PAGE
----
Tonight I am going to a preview screening of Doubt, the big-screen adaptation of John Patrick Shanley’s Tony Award-winning play. The film stars two of the best actors of our generation in the lead roles (Meryl Streep and Philip Seymour Hoffman) and centers on a crime that may or may not have occurred at a 1960s Catholic school. It’s the kind of story that will definitely have you talking as you exit the theater.
So why am I apprehensive?
Well, I blame that on WaterTower Theatre.
The Addison theater produced a wonderful staging of the play earlier this fall, and now I am wondering if the movie can possibly match it? For all the advantages that a film may have over a stage in terms of scope and visual landscape, in this case the stage holds a major trump card: audiences’ streamlined expectations.
In WaterTower’s production, only four characters see the stage: Father Flynn, Sister Aloysius (who accuses the priest of an inappropriate relationship with a student), Sister James (who doesn’t know who to believe) and Mrs. Muller, the boy’s mother.
Strategically absent from the proceedings: the boy.
For me, this is a brilliant choice. Aside from Father Flynn, who has his own self-interest to worry about, the boy is the only character who knows definitively what did or did not happen. He can’t sway the audience’s opinion if we can’t look into his eyes and watch his mannerisms. That keeps the playing field level between the nun and the priest.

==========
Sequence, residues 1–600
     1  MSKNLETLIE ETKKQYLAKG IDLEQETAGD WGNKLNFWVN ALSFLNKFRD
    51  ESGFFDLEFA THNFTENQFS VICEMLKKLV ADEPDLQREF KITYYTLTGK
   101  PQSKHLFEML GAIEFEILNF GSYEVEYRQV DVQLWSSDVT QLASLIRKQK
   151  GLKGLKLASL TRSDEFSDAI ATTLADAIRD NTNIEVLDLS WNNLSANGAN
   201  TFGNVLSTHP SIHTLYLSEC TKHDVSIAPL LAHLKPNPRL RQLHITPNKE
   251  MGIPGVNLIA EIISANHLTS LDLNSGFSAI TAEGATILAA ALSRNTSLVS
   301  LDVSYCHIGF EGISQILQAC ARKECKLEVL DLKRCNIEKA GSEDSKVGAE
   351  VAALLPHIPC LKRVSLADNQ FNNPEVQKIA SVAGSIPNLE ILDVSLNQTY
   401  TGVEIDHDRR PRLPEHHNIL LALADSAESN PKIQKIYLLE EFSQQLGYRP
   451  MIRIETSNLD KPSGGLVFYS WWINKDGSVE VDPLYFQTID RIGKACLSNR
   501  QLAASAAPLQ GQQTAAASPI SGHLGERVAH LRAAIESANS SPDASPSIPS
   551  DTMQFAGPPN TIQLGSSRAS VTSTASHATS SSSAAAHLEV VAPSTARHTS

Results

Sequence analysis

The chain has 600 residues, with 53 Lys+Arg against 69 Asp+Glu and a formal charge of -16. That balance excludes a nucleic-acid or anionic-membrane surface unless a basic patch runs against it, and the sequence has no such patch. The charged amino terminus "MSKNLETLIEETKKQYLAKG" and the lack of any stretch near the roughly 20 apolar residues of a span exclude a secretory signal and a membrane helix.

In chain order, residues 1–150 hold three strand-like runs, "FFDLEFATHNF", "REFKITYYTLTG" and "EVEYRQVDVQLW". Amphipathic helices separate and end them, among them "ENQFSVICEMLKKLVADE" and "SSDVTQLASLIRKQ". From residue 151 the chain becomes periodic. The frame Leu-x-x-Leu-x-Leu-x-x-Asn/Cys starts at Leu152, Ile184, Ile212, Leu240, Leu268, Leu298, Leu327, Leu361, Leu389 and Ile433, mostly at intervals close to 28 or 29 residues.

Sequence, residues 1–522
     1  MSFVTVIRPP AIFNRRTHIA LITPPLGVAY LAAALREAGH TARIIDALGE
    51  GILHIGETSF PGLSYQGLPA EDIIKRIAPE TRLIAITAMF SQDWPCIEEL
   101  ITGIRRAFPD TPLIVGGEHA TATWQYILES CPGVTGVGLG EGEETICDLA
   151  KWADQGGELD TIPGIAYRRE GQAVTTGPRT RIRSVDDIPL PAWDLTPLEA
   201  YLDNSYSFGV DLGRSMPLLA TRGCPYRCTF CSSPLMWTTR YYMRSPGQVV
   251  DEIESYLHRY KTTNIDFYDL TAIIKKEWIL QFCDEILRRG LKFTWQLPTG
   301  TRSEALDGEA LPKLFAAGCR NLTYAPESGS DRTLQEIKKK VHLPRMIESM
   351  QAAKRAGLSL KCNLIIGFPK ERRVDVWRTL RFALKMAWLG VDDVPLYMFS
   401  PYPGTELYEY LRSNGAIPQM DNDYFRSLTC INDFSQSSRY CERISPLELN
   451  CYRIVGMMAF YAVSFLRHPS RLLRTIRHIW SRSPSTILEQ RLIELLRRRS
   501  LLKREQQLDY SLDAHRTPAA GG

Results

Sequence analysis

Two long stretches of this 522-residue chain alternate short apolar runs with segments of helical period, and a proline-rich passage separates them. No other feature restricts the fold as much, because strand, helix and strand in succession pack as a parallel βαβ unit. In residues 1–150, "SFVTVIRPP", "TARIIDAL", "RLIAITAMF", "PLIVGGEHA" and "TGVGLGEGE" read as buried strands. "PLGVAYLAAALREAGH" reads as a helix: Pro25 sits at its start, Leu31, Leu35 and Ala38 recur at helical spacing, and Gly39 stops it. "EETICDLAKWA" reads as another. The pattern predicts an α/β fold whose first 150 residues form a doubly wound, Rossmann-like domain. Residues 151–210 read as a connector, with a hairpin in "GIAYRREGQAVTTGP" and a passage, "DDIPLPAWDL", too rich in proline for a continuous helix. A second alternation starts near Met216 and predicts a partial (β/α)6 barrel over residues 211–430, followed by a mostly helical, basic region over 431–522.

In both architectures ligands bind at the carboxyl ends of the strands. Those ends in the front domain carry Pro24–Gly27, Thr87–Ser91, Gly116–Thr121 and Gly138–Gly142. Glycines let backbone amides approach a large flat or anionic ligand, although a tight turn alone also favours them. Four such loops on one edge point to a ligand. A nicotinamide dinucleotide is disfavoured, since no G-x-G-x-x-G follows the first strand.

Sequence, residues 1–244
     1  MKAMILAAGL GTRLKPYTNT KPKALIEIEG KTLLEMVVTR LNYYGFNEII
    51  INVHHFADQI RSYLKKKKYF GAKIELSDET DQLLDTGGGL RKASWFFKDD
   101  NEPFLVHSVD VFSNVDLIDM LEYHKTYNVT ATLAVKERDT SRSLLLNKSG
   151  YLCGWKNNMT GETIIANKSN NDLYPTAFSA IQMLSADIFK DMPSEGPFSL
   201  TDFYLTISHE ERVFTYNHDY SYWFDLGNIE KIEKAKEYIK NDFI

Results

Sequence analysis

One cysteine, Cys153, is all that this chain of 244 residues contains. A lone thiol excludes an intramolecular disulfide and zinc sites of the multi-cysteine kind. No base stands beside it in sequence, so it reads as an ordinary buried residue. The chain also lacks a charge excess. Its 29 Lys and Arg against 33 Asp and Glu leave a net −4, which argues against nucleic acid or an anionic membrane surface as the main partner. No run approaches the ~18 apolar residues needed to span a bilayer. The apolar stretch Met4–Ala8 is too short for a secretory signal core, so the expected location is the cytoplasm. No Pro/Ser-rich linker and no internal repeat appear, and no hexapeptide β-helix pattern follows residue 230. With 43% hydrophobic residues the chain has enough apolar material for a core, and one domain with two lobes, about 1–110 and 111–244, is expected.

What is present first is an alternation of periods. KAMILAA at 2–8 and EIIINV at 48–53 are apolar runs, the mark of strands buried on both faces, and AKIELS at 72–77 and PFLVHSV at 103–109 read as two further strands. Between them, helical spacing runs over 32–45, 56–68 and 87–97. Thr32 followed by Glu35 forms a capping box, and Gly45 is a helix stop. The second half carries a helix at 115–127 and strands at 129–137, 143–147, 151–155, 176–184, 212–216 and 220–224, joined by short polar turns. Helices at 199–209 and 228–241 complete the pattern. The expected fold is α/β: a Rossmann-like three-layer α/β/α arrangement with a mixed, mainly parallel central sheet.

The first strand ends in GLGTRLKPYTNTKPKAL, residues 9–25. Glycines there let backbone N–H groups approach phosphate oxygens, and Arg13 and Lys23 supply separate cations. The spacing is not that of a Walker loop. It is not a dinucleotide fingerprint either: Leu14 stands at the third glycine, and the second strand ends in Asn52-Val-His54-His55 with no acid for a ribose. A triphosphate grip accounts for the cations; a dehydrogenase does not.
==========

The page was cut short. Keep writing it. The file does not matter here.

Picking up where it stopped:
Film, on the other hand, needs a more filled-in landscape. And so to that end, it appears that Shanley (who is directing the film, too) wrote the boy into the film.
From the few instances you see him in the trailer, nothing is given away. And there’s always the chance that the child playing the role is such a good actor that we won’t be influenced one way or another. But there’s something to the logic behind WaterTower’s choice to not show him at all, and I will be curious to see tonight if there is a case for seeing the boy’s face.
I’ll have to wait to answer that question, though, until the film comes out on Dec. 12. Can’t go breaking those embargoes.